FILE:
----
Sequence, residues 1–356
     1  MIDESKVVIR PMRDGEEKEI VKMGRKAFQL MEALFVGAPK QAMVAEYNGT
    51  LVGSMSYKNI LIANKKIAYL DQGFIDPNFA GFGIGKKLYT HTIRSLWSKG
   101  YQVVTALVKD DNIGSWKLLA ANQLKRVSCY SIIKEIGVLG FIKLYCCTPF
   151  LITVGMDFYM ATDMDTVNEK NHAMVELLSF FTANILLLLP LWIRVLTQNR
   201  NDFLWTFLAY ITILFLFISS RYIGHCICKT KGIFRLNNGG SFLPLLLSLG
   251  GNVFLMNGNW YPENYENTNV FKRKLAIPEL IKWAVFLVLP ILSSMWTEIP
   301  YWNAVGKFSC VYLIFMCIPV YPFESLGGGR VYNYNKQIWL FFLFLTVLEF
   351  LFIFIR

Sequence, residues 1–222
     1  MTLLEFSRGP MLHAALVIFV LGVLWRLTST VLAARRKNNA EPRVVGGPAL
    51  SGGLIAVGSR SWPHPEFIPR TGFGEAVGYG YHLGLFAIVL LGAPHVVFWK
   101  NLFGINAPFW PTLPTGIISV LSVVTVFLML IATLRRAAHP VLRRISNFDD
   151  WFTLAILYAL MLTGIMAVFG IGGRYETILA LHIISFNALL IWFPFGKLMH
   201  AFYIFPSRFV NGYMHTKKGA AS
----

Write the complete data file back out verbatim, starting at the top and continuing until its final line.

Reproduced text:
Sequence, residues 1–356
     1  MIDESKVVIR PMRDGEEKEI VKMGRKAFQL MEALFVGAPK QAMVAEYNGT
    51  LVGSMSYKNI LIANKKIAYL DQGFIDPNFA GFGIGKKLYT HTIRSLWSKG
   101  YQVVTALVKD DNIGSWKLLA ANQLKRVSCY SIIKEIGVLG FIKLYCCTPF
   151  LITVGMDFYM ATDMDTVNEK NHAMVELLSF FTANILLLLP LWIRVLTQNR
   201  NDFLWTFLAY ITILFLFISS RYIGHCICKT KGIFRLNNGG SFLPLLLSLG
   251  GNVFLMNGNW YPENYENTNV FKRKLAIPEL IKWAVFLVLP ILSSMWTEIP
   301  YWNAVGKFSC VYLIFMCIPV YPFESLGGGR VYNYNKQIWL FFLFLTVLEF
   351  LFIFIR

Sequence, residues 1–222
     1  MTLLEFSRGP MLHAALVIFV LGVLWRLTST VLAARRKNNA EPRVVGGPAL
    51  SGGLIAVGSR SWPHPEFIPR TGFGEAVGYG YHLGLFAIVL LGAPHVVFWK
   101  NLFGINAPFW PTLPTGIISV LSVVTVFLML IATLRRAAHP VLRRISNFDD
   151  WFTLAILYAL MLTGIMAVFG IGGRYETILA LHIISFNALL IWFPFGKLMH
   201  AFYIFPSRFV NGYMHTKKGA AS